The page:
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. two years ago a fruit vendor in 2 nietzsche -- in tunisia set himself on fire, starting the arab spring. thousands took to the streets to protest against the killings, and the prime minister has responded, promising he would form a new government. >> he who is the country's first political assassination since the revolution, and it has exposed intrenched divisions and powerful and distrust. crowds of opposition supporters gathered at the interior ministry and tried to storm the building. they blamed the islamist-led government. these are the streets where protests brought down the dictatorship two years ago. eyewitnesses say when the police responded there was panic and chaos. >> police tried to absorb the anger of the demonstrators, but they could not just watch people throwing stones at them. >> he was the leader of a small party and a fierce critic of the largest party in the government coalition. he was shot dead by a man on a motorbike as he left home. he denounced it as an act of terror. it is unlikely to satisfy the dead man's supporters, who say he received repeated death
zero years since tunisia celebrates the transparent election, the first since the uprising of 2011. that election made to miyisha somewhat of a beacon -- made tunisia somewhat of a beacon. the islamist party merged, but without a majority. they promised cooperation. it seemed to nietzsche -- tunisia was finding a way to compromise. will today's assassination derails the emerging democracy? >> this is the most difficult process of the change, and the new political system has been put together. the new constitution, the divisions between where the country is going, the maneuvering, but generally things are heading in the right direction. >> even so, this will put fear into the heart of the political lives. tonight they called elections. it is a reminder that even the most hopeful of arab democracies remains a work in progress. >> i spoke to michelle. she is the director of the council at the middle east center. we have one of the country's best his the most -- countries that is the most westernized is the most stable. it is a surprise? >> assassination has not been a feature of the t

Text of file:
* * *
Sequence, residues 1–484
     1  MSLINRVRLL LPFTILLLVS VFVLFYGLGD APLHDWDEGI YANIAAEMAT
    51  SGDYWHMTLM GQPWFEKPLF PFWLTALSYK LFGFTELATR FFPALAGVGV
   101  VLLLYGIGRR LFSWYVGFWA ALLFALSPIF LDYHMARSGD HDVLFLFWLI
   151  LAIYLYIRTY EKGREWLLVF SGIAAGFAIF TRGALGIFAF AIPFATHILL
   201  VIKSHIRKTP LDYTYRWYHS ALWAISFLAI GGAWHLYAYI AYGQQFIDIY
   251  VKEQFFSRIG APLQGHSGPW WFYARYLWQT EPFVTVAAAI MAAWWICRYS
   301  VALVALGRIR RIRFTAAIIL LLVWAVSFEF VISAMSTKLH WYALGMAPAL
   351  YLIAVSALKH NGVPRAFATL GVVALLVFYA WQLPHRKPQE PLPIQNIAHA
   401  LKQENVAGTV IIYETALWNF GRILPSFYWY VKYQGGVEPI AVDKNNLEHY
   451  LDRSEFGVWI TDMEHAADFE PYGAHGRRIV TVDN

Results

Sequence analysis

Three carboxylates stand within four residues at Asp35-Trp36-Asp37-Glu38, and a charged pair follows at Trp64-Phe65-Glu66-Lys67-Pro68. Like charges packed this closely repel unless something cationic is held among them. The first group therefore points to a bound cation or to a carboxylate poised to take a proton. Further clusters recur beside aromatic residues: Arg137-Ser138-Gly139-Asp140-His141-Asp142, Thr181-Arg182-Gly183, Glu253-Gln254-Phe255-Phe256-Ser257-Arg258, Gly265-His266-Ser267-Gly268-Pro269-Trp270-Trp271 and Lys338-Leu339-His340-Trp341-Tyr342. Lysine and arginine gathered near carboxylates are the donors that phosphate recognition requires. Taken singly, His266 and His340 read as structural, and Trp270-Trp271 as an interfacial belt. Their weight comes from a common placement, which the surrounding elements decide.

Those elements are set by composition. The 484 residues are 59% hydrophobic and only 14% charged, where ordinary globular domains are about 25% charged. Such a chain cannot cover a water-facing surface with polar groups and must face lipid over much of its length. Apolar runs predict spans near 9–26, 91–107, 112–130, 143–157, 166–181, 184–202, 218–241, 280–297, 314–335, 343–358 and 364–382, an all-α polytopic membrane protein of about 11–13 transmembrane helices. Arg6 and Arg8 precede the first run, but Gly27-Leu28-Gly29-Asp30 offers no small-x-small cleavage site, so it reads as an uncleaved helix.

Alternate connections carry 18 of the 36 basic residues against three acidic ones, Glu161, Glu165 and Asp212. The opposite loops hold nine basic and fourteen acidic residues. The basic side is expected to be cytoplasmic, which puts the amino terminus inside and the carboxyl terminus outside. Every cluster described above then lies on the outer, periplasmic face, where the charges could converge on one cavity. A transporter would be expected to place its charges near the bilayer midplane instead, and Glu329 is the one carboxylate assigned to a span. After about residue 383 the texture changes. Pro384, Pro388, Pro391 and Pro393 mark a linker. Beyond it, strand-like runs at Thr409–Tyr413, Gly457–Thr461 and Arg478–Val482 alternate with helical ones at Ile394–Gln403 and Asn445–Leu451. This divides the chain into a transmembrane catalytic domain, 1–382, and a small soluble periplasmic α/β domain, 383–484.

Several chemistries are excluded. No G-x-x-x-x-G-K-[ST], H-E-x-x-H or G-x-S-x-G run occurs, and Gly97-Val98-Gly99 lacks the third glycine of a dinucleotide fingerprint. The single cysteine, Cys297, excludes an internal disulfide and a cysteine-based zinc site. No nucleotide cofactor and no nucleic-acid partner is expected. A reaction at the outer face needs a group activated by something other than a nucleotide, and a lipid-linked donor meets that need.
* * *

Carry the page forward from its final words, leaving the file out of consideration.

television in america and around the globe. two years ago a fruit vendor in 2 nietzsche -- in tunisia set himself on fire, starting the arab spring. thousands took to the streets to protest against the killings, and the prime minister has responded, promising he would form a new government. >> he who is the country's first political assassination since the revolution, and it has exposed intrenched divisions and powerful and distrust. crowds of opposition supporters gathered at the interior ministry and tried to storm the building. they blamed the islamist-led government. these are the streets where protests brought down the dictatorship two years ago. eyewitnesses say when the police responded there was panic and chaos. >> police tried to absorb the anger of the demonstrators, but they could not just watch people throwing stones at them. >> he was the leader of a small party and a fierce critic of the largest party in the government coalition. he was shot dead by a man on a motorbike as he left home. he denounced it as an act of terror. it is unlikely to satisfy the dead man's supporters,
that would have been a man, a shopkeeper self-taught and leading into tunisia. the best thing you can do is expect it might ignite at any time and to get ahead of it. so to get our friends in the middle east to reform before the people were in the streets was always trying to get ahead of what happened ultimately and egypt a and tunisia and other places to respect talk about the collapse of the soviet union in terms of what the scholars knew. you were right there. >> i was. we used to laugh when people would say that gorbachev is bound to fall from power. thank you. but when, this was the issue because, the general sense that things are going bad is not enough. people knew that the infrastructure, the political, economic, social soviet union was weak. i went to the soviet union the first time in 1979 to study language. i was there for an extended period of time and i was a student of the soviet military. i remember thinking i had this image of the soviet military as 10 feet tall. and i remember going into a store to buy some little thing for my family, and they were doing the computation
Search Results 0 to 4 of about 5 (some duplicates have been removed)

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